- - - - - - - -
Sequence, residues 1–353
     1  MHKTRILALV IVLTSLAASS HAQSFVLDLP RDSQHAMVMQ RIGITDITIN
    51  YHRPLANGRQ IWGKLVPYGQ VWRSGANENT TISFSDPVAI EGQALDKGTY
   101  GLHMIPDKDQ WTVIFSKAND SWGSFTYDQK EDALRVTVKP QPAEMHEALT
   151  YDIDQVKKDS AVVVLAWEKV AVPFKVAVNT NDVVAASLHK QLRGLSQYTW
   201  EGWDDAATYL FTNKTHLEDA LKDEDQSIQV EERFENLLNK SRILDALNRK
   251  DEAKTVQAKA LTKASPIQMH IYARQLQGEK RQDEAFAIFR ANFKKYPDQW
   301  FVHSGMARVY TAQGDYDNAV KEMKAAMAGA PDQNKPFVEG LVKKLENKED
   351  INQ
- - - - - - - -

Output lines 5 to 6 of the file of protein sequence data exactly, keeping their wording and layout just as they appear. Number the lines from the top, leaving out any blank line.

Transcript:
   151  YDIDQVKKDS AVVVLAWEKV AVPFKVAVNT NDVVAASLHK QLRGLSQYTW
   201  EGWDDAATYL FTNKTHLEDA LKDEDQSIQV EERFENLLNK SRILDALNRK